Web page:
Records for mining giants BHP and Rio Tinto helped lift the ASX to a new peak following a rebound in bulk metals and a fifth night of gains on Wall Street.
The S&P/ASX 200 hit an all-time high at 7433.5 before trimming its advance to 37 points or 0.5 per cent.
Resource stocks set the pace following overnight gains in iron ore, copper and US energy companies. Technology and defensive stocks declined.
What’s driving the market
US investors quickly discounted yesterday’s sharp declines on Asian markets, triggered by increasingly aggressive market intervention by Chinese authorities. The S&P 500 and Dow edged up 0.24 per cent to new highs as optimism over the domestic earnings season outweighed selling in US-listed Chinese shares.
“After an initial hint of contagion, European and US equities looked past Asian concerns over China’s regulatory crackdown, closing the day with modest gains at or near record highs,” NAB Currency Strategist Rodrigo Catril said. However, he warned, “China’s regulatory uncertainty is not going away, indeed it looks to be broadening with no clarity as to when and where it will end.”
Chinese markets added to yesterday’s falls. The Shanghai Composite, which fell 2.34 per cent yesterday after Chinese authorities cracked down on private education companies, dropped another 0.58 per cent today. The Hang Seng compounded yesterday’s 4.13 per cent decline with a drop of 1.46 per cent as property companies attracted regulatory attention.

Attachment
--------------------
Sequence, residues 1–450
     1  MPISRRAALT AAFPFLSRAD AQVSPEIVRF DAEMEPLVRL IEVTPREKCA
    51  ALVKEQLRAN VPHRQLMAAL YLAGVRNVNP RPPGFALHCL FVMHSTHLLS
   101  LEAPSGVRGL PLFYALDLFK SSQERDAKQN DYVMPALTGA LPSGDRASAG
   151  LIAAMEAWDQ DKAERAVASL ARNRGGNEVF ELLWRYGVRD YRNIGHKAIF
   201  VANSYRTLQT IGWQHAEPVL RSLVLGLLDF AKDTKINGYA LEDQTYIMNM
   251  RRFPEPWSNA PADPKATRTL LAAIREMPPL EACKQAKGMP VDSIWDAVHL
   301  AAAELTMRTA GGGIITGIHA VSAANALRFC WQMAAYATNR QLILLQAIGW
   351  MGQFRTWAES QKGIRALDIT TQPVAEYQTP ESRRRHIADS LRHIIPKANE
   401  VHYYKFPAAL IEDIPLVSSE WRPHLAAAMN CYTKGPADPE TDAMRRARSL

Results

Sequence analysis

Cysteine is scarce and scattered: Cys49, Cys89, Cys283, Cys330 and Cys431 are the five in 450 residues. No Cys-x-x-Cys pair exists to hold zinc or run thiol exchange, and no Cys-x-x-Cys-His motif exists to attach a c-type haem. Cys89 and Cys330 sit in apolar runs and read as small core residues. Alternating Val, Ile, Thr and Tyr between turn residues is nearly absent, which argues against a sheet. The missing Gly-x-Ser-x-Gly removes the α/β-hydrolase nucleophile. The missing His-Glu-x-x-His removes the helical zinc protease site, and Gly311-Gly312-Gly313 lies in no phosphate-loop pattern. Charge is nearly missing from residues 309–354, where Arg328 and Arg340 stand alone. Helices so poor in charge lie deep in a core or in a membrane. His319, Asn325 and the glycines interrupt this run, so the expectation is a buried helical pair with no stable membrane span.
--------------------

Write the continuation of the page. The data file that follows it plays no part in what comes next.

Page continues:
The Asia Dow gained 0.37 per cent. Japan’s Nikkei added 0.51 per cent.
A record 172 new local Covid-19 cases in a single day for New South Wales was partly offset by news both Victoria and South Australia will emerge from lockdown tonight.
ANZ data indicated spending in Sydney slumped last week to its lowest level since the start of the pandemic.
Consumer confidence deteriorated to a 2021 low. The ANZ Roy Morgan weekly index declined 3.5 per cent from 104.3 to 100.7, a level last seen in November last year. Despite the decline, the index remained well above pandemic lows.
The materials sector has provided the muscle behind the market’s record highs over the last week, climbing 2.2 per cent this session to a new peak. Rio Tinto joined BHP at record levels, rising 2.48 per cent. BHP put on 3.26 per cent. Fortescue Metals added 2.75 per cent.
“A weaker [US dollar] amid record-low US real yields has stoked some exuberance within the base metals complex. [London Metal Exhange] copper broke above its 50-day moving average and settled more than 3% higher on the day, which may have triggered further systematic buying interest,” ING commodities strategists Wenyu Yao and Warren Patterson wrote.
“The Delta variant and rising Covid-19 cases have failed to show strong evidence of demand destruction,” they added.
Strength in copper prices and robust South Australian production helped lift OZ Minerals 7.99 per cent. Copper output increased 22 per cent last quarter despite the impact of Covid-19 on the miner’s Brazilian operations. The company reaffirmed its full-year copper production guidance, lifted gold guidance and reduced its cost outlook.